Nana-Jane Chipampe is a registered biomedical scientist currently in the third year of her PhD researching Bladder Cancer at Newcastle University.
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Nana-Jane shares her story in an interview with us in celebration of Biomedical Science Day 2020.
Tell us about your professional background and your current research/role?
I have always been fascinated by the human body from a young age. My neighbour was a pathologist and kindly organised a week in Histopathology during ‘work experience’ week at the age of 15. I knew then I wanted to further develop my understanding of the human body. I studied Biomedical Sciences at Durham University and was captivated by the Histopathology module. To gain experience working within a laboratory, my first job in the NHS was as a medical laboratory assistant at Darlington Hospital in Microbiology. To obtain professional HCPC registration, I started a trainee Biomedical Scientist role at Wexham Park Hospital, Slough within Histopathology.
Fast-forward a few years, and I wanted to expand my skillset, particularly within research and I decided to pursue a Masters of Research at St Georges University. I thoroughly enjoyed the prostate cancer research project and additionally, I worked within the NHS Histopathology department for two hours a day first thing, embedding and cutting urgent specimens, before going up to do my research for the rest of the day.
I wanted to move back up north to be closer to my family and further enhance my skillset and pursue a career within academia and research. I applied for a research technician role and 8 months later my manager encouraged me to apply for a PhD. Generously funded by the NIHR, I was awarded a prestigious three year research project at Newcastle University based in the Northern Institute for Cancer Research.
Currently, I am at the final stage of PhD investigating mitochondrial dysfunction within bladder cancer patients following Radical Cystectomy. This has involved learning many new skills including DNA extraction, library preparation for samples undergoing whole genome sequencing, as well as combining many histopathology learnt techniques. I have a fantastic supervisory team including a Urological Surgeon, the National lead for the NHS National Highly Specialised Services for Rare Mitochondrial Diseases, the Scientific Director of Yorkshire & North East Genomic Laboratory, and a Professor of Molecular Urology.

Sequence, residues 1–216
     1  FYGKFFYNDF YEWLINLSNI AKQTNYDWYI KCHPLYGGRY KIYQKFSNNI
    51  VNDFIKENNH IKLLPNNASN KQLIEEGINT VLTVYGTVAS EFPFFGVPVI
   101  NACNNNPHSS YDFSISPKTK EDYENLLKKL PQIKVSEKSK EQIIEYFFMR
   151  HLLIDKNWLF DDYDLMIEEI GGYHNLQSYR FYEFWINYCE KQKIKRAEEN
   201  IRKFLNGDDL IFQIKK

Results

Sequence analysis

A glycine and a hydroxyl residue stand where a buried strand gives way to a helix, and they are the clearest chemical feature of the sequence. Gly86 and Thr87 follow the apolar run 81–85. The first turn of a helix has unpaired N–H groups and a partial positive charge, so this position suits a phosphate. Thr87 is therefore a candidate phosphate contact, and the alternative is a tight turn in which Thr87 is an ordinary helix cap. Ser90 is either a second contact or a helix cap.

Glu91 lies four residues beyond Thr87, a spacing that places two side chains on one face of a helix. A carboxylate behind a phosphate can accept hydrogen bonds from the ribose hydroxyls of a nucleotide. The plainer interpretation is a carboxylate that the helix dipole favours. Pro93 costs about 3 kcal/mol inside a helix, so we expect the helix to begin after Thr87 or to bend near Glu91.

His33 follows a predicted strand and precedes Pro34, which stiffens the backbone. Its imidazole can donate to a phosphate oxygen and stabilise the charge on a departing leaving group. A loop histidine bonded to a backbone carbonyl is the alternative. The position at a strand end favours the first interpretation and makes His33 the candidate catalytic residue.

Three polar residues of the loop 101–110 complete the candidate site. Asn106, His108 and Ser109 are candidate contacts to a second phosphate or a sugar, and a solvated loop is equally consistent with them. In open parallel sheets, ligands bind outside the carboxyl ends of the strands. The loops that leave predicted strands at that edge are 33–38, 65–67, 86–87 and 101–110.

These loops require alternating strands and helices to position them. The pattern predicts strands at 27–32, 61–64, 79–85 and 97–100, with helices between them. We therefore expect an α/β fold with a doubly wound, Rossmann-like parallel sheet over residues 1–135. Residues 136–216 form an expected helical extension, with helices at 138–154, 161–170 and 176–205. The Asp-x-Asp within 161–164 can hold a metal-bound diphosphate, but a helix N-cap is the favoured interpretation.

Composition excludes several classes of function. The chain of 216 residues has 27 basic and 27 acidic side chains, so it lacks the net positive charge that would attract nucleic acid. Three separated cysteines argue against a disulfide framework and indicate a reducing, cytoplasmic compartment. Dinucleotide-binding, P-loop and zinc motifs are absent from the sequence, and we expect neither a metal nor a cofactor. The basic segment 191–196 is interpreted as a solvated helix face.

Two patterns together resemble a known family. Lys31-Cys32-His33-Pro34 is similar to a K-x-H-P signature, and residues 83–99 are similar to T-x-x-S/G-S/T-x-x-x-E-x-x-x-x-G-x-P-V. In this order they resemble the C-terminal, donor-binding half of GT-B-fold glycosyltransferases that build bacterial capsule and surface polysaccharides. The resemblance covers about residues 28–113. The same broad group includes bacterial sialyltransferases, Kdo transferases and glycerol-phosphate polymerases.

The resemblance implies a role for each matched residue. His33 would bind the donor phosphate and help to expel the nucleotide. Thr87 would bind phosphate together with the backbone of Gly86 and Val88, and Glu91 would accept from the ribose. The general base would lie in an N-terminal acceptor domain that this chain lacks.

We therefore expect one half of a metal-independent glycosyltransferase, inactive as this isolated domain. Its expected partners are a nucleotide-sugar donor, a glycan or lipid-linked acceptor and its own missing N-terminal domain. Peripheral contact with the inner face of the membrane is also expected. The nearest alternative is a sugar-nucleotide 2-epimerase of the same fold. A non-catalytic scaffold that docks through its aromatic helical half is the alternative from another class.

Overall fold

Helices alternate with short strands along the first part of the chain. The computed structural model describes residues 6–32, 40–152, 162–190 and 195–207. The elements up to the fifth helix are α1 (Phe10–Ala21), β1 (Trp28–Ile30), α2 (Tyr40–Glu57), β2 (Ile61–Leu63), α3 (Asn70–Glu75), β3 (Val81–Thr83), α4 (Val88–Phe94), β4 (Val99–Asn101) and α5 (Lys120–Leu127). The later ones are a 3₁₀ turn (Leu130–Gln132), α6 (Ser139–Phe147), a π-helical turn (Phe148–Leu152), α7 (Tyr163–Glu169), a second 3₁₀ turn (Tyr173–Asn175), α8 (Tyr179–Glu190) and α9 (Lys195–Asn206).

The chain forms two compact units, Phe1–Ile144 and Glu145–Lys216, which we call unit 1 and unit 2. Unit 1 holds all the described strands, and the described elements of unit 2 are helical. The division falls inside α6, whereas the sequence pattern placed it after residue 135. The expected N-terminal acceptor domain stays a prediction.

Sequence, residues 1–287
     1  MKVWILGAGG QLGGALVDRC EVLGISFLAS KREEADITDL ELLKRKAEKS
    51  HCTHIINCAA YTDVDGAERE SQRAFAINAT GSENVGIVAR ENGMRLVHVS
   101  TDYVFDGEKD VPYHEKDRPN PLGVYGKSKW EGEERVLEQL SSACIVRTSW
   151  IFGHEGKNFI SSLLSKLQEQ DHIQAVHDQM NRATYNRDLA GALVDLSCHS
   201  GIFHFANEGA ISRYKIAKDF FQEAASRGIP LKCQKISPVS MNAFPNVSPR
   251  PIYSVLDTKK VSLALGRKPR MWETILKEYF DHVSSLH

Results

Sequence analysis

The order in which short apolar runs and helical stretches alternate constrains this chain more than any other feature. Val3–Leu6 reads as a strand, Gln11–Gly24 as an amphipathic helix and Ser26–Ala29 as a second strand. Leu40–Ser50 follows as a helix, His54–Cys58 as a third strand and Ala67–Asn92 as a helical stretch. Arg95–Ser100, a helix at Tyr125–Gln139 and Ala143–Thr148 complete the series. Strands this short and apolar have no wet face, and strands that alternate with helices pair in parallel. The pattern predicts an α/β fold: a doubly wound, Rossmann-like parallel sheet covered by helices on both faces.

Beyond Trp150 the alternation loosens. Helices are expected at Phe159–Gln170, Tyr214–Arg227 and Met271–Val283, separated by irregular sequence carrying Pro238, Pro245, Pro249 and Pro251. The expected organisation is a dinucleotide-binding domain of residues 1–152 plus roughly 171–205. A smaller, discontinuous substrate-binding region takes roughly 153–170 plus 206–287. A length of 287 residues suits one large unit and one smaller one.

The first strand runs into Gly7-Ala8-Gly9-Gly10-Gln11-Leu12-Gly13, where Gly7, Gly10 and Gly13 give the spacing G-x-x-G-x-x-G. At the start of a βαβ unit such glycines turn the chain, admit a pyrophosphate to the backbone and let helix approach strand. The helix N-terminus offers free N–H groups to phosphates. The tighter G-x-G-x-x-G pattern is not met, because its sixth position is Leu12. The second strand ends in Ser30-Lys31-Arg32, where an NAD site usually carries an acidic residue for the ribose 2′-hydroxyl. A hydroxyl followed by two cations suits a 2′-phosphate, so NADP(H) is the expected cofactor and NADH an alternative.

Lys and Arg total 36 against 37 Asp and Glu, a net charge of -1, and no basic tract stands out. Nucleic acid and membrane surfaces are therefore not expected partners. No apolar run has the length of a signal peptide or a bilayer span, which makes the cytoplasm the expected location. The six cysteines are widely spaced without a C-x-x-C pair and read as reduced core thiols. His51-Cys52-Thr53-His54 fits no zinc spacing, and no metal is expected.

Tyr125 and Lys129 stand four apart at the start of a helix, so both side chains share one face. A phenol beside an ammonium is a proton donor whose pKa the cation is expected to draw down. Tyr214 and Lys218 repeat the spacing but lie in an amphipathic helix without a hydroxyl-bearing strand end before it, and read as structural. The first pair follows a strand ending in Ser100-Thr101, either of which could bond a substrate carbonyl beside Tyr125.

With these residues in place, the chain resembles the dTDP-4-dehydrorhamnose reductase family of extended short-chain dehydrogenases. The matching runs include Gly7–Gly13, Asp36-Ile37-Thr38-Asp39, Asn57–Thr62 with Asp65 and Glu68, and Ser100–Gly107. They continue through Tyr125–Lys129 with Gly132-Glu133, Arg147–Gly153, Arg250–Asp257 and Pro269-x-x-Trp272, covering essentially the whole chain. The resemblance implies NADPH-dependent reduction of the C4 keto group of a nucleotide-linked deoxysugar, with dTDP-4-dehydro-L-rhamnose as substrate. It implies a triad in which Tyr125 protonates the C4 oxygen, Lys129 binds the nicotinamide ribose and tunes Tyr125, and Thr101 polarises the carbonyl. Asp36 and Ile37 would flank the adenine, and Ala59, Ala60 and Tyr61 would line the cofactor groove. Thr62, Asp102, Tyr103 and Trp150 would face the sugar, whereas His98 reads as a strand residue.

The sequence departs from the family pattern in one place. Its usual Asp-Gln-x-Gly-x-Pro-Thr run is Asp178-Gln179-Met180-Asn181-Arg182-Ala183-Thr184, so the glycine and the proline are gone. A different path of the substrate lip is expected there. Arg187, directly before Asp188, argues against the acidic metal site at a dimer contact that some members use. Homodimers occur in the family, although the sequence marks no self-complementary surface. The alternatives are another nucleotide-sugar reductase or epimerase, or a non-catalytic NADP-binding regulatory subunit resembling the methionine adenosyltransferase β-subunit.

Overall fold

How have you found the last few months during the pandemic?
It has been incredibly difficult being away from our loved ones, particularly those that are at high risk who have been shielding. Being in the final few months of my PhD I am mostly thesis writing, in a city away from home and have been social distancing.
How are you managing to cope, any interesting tips or strategies you would pass to others?
Strategies that I have been using to cope have been:
- Making a gratitude list and when the going gets tough, looking back at the list and being grateful for what I have around me.
- Reaching out to friends and family has helped to alleviate worries: “talking helps!”
- Looking after my physical health by stretching on my yoga wheel, taking breaks from writing and going for a walk every day and dancing! There has been a concert performance every day, starring me, myself and I at least once a day at my house! But dancing and remembering to do what I love during this time has really helped.
What do you enjoy the most about professional registration?
I adhere to the HCPC’s requirements to maintain my registration by demonstrating that my CPD activities are relevant to current and future practice and contribute to the quality of patient services. I was particularly pleased when my CPD file was chosen for audit in 2018 by The Science Council and I obtained a nomination for Outstanding CPD award.
I am proud to be HCPC registered and maintaining my CPD has encouraged me to improve my skills, knowledge and experience.
I also enjoy the feeling of being part of a wider community of scientists in the UK and beyond. The IBMS also has strong community of members and it feels great to be part of a diverse network of scientists that all interact yet work within various scientific fields and institutions.
How has professional registration helped you plan your own personal development and goals?
I understand the importance of working in an environment where I contribute to patient focused healthcare.
Professional registration has allowed me to continually expand my knowledge, skillset and techniques.
Being a HCPC registered professional as well as belonging to a professional body gives me the confidence to increase my skillset within various disciplines as there is a collective group and wider community of scientists to support me. This encourages me to continually develop my areas of expertise.
What do you hope to do after you have completed your PhD studies?
After submitting and defending my thesis, I hope to further develop international collaborative opportunities to undertake work that has a direct benefit to patients’ health. I would like the effective translation of research into clinical practice to provide meaningful benefits for patients, the public and the health care system.
Do you have an inspirational quote?
“You will never speak to anyone more than you speak to yourself in your head, be kind to yourself.”
- In your words
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